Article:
In a week that’s been marred by weird illness symptoms (no, not THAT one), severe illness elsewhere in our family (no, thankfully still not that one), news of one distant relative’s recent death (it, um…it was that one), complicated cases at work, the monotony of internet outrage, and daily-routine malaise…it’s heartening whenever I spot signs of the Old Normal popping up, like a stray flower sprouting in a scorched field.
Previously on Midlife Crisis Crossover: as a direct result of the ongoing and measurably non-resolved Coronavirus epidemic, Diamond Comics Distributors effectively shut down the comic book industry at the tail end of March, a temporary but unprecedented cessation that has vexed comic book shops worldwide and deprived habitual comics collectors such as myself of their weekly fixes of printed, single-issue graphic storytelling. We understood the decrees and the crisis at hand, but we lamented seeing a large portion of the medium paused in unison.
America’s 2200 remaining retailers, many of whom were already surviving on razor-thin profit margins, were justifiably nervous about their long-term financial stability through this era, whenever they weren’t too busy grappling with pervasive COVID-19 anxiety. Or with literal COVID-19, for all we know. Those shop owners thinking ahead wondered aloud: what happens if our customers’ habits are suspended for too long? What if deprivation begins to feel to them more like liberation? What do we do if the audience that had already been shrinking for years gets even tinier? Especially if too many of them are unemployed and can’t afford comics anymore?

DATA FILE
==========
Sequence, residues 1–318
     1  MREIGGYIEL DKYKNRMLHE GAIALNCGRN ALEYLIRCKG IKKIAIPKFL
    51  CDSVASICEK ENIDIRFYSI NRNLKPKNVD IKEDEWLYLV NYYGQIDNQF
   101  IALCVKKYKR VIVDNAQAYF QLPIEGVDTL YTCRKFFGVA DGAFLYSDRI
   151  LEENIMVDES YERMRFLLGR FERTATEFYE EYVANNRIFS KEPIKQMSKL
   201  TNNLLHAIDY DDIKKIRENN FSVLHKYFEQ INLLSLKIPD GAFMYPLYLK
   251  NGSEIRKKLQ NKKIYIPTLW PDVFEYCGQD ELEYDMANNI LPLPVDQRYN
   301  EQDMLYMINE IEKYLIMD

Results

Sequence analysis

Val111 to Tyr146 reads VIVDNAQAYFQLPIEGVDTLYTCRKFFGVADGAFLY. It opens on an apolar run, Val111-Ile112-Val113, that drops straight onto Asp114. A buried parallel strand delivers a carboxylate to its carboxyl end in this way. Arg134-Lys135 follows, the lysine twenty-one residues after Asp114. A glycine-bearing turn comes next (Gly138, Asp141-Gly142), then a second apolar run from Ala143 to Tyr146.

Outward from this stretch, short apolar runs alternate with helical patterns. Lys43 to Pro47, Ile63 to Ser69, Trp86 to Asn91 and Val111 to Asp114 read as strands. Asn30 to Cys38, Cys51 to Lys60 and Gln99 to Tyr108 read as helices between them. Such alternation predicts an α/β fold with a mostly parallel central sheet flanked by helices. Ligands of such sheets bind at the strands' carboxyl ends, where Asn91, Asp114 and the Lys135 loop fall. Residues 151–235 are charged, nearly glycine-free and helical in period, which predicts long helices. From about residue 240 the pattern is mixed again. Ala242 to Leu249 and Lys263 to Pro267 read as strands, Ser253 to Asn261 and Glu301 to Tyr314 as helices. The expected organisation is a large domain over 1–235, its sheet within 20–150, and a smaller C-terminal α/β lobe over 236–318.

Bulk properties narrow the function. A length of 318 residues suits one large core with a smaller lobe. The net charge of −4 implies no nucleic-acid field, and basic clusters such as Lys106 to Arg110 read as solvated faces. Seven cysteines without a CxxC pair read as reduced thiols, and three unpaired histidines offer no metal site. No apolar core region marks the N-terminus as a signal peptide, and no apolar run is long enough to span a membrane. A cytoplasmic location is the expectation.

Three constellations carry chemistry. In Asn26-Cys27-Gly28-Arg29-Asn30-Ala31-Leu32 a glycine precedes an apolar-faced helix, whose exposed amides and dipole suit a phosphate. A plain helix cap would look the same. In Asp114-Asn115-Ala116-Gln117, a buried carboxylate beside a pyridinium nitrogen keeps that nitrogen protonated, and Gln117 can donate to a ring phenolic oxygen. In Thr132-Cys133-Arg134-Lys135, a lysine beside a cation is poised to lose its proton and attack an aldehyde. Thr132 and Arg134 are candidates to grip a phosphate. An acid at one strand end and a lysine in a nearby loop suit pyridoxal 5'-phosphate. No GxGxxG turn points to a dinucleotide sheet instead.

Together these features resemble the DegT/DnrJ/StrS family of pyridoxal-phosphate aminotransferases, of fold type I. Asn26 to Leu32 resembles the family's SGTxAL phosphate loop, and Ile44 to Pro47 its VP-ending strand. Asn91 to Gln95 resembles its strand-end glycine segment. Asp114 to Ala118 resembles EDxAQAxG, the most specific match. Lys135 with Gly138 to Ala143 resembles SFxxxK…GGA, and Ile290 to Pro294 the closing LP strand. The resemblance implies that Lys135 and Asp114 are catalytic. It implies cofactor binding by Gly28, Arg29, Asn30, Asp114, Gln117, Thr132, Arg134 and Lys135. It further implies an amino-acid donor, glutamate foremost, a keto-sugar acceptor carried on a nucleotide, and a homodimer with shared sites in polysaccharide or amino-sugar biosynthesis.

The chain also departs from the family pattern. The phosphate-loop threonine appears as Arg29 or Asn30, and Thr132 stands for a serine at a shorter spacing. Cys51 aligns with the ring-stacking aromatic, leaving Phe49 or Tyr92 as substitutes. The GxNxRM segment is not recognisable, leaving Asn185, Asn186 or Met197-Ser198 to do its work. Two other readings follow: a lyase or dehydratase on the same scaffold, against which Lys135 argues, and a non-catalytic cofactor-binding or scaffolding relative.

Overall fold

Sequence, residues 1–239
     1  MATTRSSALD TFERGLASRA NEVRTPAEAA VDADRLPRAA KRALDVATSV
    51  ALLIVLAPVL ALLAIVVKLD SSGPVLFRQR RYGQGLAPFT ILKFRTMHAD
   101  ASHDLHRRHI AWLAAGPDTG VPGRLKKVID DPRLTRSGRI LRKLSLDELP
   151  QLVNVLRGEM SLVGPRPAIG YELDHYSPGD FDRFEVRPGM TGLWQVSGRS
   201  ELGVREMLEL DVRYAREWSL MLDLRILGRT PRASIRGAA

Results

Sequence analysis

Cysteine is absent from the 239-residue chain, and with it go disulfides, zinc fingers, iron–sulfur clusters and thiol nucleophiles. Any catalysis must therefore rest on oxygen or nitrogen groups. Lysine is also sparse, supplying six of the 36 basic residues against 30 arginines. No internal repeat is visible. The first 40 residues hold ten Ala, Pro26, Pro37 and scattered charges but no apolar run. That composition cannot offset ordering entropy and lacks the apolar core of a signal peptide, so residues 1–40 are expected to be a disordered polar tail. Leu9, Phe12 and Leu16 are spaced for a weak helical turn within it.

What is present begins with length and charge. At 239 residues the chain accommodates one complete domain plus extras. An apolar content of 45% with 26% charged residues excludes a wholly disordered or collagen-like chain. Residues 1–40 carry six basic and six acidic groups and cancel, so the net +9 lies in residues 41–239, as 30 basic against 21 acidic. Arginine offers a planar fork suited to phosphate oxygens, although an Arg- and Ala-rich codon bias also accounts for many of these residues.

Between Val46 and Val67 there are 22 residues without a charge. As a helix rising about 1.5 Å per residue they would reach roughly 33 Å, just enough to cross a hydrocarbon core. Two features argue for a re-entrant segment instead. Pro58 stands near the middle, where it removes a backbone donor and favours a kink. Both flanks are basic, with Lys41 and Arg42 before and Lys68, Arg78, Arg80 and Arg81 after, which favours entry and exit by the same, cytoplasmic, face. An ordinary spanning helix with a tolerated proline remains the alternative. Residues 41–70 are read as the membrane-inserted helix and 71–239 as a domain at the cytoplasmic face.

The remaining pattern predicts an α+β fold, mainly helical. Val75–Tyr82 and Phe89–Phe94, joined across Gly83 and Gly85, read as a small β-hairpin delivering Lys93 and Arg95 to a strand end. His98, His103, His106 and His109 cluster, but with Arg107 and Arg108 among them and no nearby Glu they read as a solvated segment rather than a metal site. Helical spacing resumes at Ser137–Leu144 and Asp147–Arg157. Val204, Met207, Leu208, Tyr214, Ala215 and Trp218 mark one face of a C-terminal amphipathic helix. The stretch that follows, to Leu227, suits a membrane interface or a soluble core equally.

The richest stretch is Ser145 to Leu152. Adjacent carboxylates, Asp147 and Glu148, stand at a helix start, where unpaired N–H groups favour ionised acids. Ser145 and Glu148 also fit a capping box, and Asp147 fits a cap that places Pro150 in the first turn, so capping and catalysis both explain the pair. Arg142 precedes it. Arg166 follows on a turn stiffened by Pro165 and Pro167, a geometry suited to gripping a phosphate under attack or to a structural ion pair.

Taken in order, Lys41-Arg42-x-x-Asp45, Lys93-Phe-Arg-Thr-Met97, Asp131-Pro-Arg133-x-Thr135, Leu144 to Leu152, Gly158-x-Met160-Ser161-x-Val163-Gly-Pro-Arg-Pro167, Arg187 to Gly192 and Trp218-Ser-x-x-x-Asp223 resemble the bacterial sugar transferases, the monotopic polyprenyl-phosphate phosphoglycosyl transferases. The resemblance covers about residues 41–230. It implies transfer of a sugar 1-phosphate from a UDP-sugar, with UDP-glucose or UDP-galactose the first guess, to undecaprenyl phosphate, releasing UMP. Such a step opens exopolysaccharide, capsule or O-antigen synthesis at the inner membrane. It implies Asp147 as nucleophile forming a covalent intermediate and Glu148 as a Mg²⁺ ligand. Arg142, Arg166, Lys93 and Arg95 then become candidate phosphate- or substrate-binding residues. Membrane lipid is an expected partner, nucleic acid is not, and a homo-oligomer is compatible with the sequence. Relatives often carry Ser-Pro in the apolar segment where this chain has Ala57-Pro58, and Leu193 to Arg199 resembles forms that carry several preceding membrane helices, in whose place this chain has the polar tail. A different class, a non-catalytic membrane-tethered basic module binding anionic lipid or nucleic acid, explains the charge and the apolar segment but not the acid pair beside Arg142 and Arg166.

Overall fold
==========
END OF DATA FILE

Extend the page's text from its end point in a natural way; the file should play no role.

Fantastic questions, those. I’m still mulling over my parts in some of those equations.
When you make a longtime hobby out of turning words and pictures into hopefully entertaining compositions, more for the sake of self-satisfaction and human interaction than for lofty aspirations to widespread fame and/or corruptive fortune, it’s always a pleasant surprise when something you did — no matter how tiny or inconsequential it seemed at the time — somehow catches the eye of just the right person and creates an unusual opportunity you’ve never had before, never saw coming, have trouble explaining to others, but draw a bit of pride from anyway.
I’ve had a few such occasions pop up in my life. Another one of those odd little things recently happened for me. I think I now have enough to assemble my own checklist. It’s not long or dignified enough to call a bibliography, but if there were an Internet Peanut Gallery Database — like IMDb, but for nobodies like me — then my IPGDb page would presently look something like this:
I visited such a store today with my wife when we took her grandmother errand-running. The Super Dollar Tree down the street from her house is where she stocks up on her birthday and holiday cards a few times per year, plus whatever other impulse items she can hoard on her way to the register. As she did her thing, I wandered off to check out their selection of books, to see what works had been downgraded from original retail price to rock bottom. I’m in no danger of running low on reading matter anytime soon, but the thrill of the scavenger hunt is tough to resist. One never knows when a diamond in the rough might turn up/ My last such acquisition was a dirt-cheap copy of Stephen Colbert’s I Am America (And So Can You!).